That's all we know? Totally fine! Let's run with it.
- We can start with daily users. We need to know what's the size of the tweets they're producing every day (storage/day). To do that we're missing tweets/user.
- With `(storage/tweet) * (tweet/user) * (user/day) we can get to (storage/day).
Facts to Know
Knowing some base quantities offhand will greatly enhance your ability to estimate quickly. The more you can augment this with your own expertise, the better. In a pinch, you can ask your interviewer for a ballpark, but it's preferred if you can create a quick and dirt estimate and then ask them to improve it rather than the other way around.
Below are a few tables which will cover 0% of what you might need in an interview.
Having a solid base for your mental math is important. Don't be the interviewer who gets stuck trying to remember that 1 million bytes is 1mb!
|Power of 1000 (1000^x)
A subset of the Latency Numbers Every Programmer Should Know are relevant for system design interviews (although feel free to study them all). The exercises on Computers Are Fast also make for amazing practice in building your intuition about latencies.
|Reading 1mb sequentially from memory
|Reading 1mb sequentially from SSD
|Reading 1mb sequentially from spinning disk
|Round trip network latency CA to Netherlands
Knowing the storage space of a few key types of media will help you.
|A two-hour movie
|A small book of plain text
|A high-resolution photo
|A medium-resolution image (or a site layout graphic)
Expect to size up a record or struct during your interview (hint: add up all the fields!). Don't forget to round the final result, you don't need to carry a 323 byte calculation all the way through your interview so rounding to 500 bytes or even 1kb is probably ok.
Chances are, your interviewer will help you with some of the quantities relevant to the business you're estimating. Don't expect to be docked points in your interview for getting these wrong, most engineers will not be very precise here.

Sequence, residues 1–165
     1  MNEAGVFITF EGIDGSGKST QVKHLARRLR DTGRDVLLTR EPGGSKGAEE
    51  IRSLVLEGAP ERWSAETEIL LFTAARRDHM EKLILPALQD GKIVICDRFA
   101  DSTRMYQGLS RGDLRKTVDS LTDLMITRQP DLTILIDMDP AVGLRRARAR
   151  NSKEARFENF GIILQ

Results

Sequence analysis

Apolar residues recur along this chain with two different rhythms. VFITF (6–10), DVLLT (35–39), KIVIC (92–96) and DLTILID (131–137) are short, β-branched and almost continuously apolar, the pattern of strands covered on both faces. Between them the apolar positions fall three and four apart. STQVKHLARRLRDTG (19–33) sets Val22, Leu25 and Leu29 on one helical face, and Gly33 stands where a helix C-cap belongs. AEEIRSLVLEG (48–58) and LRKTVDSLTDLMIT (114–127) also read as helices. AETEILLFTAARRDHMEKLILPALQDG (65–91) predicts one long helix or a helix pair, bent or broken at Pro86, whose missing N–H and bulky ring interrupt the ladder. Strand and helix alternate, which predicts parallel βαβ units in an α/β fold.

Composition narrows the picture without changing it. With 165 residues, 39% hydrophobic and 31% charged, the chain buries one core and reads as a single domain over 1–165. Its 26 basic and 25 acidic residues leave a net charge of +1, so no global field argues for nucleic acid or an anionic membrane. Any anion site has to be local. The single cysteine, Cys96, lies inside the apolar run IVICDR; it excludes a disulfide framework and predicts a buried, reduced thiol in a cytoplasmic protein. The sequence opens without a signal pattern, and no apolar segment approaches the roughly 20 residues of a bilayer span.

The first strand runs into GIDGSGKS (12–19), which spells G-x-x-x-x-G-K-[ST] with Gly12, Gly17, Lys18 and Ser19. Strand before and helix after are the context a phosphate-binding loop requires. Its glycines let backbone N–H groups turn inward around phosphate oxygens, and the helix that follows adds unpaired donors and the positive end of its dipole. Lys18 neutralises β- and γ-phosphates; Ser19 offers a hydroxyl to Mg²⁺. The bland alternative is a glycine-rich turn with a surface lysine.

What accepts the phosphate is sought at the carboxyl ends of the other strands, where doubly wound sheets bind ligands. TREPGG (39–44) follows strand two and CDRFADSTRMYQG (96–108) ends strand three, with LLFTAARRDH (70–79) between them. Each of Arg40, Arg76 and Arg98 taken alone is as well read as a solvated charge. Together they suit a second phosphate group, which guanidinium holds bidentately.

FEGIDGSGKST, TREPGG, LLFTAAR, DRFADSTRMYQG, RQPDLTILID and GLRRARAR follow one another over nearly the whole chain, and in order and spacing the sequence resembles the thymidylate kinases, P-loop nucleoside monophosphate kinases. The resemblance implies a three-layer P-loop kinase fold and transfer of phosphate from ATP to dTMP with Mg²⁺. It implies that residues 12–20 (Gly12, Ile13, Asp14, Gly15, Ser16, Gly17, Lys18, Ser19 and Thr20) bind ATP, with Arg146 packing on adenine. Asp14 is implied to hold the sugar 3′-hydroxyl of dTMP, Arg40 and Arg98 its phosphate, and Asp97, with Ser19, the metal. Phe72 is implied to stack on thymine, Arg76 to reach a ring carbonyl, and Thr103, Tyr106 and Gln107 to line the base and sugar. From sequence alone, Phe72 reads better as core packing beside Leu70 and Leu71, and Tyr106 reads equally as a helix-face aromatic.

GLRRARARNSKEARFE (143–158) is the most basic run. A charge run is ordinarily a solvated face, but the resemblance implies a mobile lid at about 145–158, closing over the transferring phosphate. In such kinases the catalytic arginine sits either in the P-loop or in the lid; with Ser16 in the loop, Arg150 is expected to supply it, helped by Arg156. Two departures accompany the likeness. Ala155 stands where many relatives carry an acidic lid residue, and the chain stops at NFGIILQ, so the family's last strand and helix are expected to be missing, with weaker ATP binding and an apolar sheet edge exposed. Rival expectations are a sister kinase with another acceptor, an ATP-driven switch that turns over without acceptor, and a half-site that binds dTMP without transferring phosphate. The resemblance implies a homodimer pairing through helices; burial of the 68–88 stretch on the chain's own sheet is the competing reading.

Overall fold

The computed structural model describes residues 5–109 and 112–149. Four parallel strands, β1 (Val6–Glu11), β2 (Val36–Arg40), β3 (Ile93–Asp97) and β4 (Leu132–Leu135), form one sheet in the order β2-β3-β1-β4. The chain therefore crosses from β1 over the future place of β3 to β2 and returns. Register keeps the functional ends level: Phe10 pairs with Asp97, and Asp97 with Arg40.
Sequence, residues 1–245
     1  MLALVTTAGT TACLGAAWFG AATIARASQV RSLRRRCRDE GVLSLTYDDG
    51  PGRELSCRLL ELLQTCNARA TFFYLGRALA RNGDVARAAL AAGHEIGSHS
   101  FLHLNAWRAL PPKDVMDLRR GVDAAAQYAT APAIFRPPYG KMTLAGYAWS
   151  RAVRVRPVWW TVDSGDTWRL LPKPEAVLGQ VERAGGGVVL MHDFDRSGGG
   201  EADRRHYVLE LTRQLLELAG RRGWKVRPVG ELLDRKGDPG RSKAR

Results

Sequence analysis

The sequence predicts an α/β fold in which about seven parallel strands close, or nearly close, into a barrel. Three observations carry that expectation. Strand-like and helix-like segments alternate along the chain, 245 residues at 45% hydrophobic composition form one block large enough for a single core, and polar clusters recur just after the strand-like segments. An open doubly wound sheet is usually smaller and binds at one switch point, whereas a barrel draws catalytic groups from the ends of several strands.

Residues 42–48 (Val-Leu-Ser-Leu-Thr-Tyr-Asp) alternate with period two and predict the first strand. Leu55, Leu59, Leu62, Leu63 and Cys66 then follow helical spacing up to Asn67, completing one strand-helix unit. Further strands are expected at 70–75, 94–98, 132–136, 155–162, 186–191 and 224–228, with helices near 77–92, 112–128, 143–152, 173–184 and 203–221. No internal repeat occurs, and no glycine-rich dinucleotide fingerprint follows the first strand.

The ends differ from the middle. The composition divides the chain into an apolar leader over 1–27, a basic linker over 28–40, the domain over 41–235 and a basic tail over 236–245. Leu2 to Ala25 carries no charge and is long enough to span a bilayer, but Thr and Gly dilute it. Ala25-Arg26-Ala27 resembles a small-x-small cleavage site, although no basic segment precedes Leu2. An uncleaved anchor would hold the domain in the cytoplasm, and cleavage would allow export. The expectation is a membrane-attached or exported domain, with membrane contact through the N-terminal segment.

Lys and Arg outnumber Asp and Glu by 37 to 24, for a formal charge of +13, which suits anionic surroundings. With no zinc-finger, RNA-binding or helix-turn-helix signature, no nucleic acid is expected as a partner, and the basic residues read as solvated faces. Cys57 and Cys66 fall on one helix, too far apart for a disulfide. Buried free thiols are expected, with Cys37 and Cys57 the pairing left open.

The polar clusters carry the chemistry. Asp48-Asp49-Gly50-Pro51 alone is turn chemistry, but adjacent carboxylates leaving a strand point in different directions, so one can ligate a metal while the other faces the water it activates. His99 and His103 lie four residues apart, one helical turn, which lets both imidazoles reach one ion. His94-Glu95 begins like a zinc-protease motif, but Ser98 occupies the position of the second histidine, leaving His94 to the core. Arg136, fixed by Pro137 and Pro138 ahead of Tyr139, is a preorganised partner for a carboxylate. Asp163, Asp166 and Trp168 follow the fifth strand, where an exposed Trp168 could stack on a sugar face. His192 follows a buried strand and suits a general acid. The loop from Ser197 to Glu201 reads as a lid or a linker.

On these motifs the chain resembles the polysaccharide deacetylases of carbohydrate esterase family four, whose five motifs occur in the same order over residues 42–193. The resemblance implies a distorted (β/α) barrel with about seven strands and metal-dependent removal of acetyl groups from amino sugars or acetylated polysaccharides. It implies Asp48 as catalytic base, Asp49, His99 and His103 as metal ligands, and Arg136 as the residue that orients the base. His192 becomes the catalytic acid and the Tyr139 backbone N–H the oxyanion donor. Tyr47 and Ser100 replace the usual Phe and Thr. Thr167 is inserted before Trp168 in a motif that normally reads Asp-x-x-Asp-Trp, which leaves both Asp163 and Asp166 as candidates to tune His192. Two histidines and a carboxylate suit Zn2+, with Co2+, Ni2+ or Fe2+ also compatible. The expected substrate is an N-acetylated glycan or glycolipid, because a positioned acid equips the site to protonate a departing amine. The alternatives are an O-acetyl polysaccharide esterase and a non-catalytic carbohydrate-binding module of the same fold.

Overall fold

|Order of Magnitude
|Daily active users of major social networks
|Hours of video streamed on Netflix per day
|Google searches per second
|Size of Wikipedia
Estimation takes some practice and likely will only occupy 1-3 minutes of your 35-minute interview. But there are a few things you should try to avoid:
- Estimating something that doesn't matter. Some engineers jump into the task of estimation with fervor only to produce a result that is irrelevant to the task at hand. Remember the crux of your problem and focus your estimation on that rather than doing estimation for its own sake.
- Getting stuck in the math. Nothing is more frustrating than failing to remember simple arithmetic on the spot in an interview, so nothing could be more foolish than making things harder than they need to be.
- Getting quantities outrageously wrong (small mistakes are ok!). If you think network calls over the internet take microseconds or a gigabyte of data can't easily fit in memory, your interviewer might doubt your fundamentals.
Building Your Estimation Muscle
You get better at estimating by estimating. Start with everyday things. How many emails do you think you receive in a week? After making your guess, go check. Over time, you'll calibrate your intuition.
The Bottom Line
Estimation is about developing a feel for numbers and an intuition for systems. It’s not something you’re born with; it’s something you cultivate. And in the context of a software engineering interview, it’s not the answer that matters as much as the thought process that led you there.
Embrace estimation. It’s not just a quirky interview question, it's a reflection of real-world engineering judgment. The more you practice, the more natural it will become, and the more you’ll stand out as a problem solver — not just in your interviews, but in your career as an engineer.
Stefan is one of the co-founders of HelloInterview, a platform to help software engineers and other tech professionals to prepare for their dream roles. He's conducted 1,000+ interviews and hired dozens of individuals at big companies and small startups.